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Glossary
 

Passive pedestrian detection Description
Passive pedestrian detection is available to call the WALK indication and can extend the clearance interval. Authors are not aware of US installations that include audible signals as well as visual signals, but this technology is known to be in use in the United Kingdom, Australia, New Zealand and the Netherlands.

One pushbutton integrated APS provides the option of triggering the pushbutton locator tone through sensors (piezo-electric, infrared, or microwave) when the pedestrian enters the detection zone.
Detail of APS at midblock crossing in Australia. Sign reads “push button then wait on red mat.” This midblock crossing has sensors in a specific area of the sidewalk. A red mat area is labeled "Push Button then Wait Here."

How used
While passive detection of pedestrians for activating the locator tone may be helpful in reducing noise near the intersections, pedestrians who are blind may not be approaching the crosswalk or intersection within the detection zone. They also may not know about it unless they are familiar with the intersection.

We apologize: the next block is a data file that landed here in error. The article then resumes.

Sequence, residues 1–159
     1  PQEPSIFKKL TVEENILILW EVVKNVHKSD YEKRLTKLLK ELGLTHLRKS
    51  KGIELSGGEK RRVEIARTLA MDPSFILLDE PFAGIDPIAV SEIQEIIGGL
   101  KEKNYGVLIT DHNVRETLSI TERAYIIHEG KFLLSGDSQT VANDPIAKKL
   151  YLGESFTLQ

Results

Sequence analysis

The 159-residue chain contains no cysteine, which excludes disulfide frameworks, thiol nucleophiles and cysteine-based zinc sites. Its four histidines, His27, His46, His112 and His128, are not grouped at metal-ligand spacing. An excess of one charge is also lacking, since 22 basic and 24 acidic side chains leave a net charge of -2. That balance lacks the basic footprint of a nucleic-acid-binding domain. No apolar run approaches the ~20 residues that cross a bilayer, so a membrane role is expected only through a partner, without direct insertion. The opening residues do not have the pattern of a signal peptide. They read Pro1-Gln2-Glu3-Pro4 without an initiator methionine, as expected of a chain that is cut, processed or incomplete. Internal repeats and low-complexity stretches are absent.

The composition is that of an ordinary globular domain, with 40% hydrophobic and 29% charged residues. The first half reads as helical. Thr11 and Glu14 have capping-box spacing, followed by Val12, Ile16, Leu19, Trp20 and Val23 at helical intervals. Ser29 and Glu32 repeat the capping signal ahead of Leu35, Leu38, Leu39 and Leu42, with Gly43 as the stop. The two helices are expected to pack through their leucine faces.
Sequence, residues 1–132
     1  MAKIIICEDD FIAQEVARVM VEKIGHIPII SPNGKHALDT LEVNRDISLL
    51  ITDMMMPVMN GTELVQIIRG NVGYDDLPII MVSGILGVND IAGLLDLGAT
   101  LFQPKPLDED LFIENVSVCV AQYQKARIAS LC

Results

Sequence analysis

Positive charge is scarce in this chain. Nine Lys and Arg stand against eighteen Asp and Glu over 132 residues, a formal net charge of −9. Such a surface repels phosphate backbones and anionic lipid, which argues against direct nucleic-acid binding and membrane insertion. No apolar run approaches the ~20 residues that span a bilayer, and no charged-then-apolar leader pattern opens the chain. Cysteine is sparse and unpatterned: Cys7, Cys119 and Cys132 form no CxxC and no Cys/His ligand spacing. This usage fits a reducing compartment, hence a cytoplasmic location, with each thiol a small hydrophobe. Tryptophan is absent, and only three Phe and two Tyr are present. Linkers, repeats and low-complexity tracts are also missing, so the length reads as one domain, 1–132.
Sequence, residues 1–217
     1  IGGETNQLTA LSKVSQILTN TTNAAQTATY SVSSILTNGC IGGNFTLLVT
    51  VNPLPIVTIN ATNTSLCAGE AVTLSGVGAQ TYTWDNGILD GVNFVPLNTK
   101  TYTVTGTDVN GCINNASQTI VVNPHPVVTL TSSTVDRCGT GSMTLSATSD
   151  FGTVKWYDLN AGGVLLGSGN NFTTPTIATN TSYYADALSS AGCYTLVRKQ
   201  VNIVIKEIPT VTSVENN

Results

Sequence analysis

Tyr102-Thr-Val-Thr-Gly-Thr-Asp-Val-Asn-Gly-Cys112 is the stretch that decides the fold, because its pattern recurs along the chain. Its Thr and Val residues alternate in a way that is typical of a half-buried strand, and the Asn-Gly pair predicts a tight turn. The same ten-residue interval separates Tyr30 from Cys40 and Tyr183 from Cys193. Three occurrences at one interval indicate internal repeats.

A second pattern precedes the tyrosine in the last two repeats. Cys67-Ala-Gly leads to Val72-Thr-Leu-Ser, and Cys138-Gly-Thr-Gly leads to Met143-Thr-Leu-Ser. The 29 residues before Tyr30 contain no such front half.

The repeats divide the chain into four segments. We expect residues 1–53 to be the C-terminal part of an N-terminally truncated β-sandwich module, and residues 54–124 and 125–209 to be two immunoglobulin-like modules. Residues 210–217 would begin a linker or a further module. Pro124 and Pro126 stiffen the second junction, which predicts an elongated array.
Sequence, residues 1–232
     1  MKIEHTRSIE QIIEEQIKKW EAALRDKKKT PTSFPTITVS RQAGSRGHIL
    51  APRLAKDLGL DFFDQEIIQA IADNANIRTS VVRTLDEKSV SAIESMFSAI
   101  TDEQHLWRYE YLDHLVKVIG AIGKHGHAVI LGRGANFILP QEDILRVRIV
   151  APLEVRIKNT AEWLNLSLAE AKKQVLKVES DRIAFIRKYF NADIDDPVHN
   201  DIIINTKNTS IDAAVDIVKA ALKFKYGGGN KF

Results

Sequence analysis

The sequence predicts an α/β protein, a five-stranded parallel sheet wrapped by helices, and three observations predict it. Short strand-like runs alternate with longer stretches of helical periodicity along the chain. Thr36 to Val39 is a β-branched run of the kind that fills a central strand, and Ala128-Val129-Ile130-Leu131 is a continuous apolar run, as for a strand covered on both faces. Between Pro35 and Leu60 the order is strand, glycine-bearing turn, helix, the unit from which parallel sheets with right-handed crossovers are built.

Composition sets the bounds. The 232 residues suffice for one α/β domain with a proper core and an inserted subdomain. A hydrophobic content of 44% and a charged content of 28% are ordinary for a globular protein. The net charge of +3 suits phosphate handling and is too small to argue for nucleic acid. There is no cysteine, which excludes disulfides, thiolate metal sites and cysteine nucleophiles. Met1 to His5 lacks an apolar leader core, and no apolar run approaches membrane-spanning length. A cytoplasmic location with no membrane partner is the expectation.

References
MUTCD 4E.08

Draft Public Rights-of-Way Accessibility Guidelines 2021.3.4 Optional Features

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Example of passive pedestrian detection

PUFFIN crossings
An example of passive pedestrian detection technology is the "Pedestrian User-Friendly Intelligent (PUFFIN) crossing in use in England since 1993 (Department of Transport, 1993). PUFFIN crossings employ pedestrian detectors for both the pedestrian waiting area and the crosswalk.

PUFFIN waiting area detectors
Waiting area detectors consist of either
  • Pressure mats with piezo-electric sensors, infrared or microwave detectors mounted on the signal pole, or
  • Video cameras serving remote sensor software.
How used
For such detectors to be effective, pedestrians who are visually impaired must be able to locate the pushbutton, the precise waiting area, and the crosswalk.

The following sequence occurs:
  • Pedestrian presses a push button to actuate the Walk interval,
  • Detectors confirm the presence of pedestrians standing near the crossing, then
  • If the pedestrian leaves before the onset of the Walk interval, the call for the pedestrian phase is canceled.
PUFFIN crosswalk detectors
Crosswalk detectors are microwave or infrared sensors that respond to pedestrians moving in the crosswalk. As long as a pedestrian is detected in the crosswalk:
  • A preset extension is added to the pedestrian clearance interval;
  • Late-starting or slow-moving pedestrians have more time to clear the intersection before vehicular traffic resumes; and
  • Driver waiting time is reduced if the pedestrian crosses in a gap in traffic instead of waiting for the pedestrian phase.
In Adelaide, Australia, installation of passive pedestrian detection in the crosswalk, for extending crossing time, is now standard at intersections where there is a newly installed APS.

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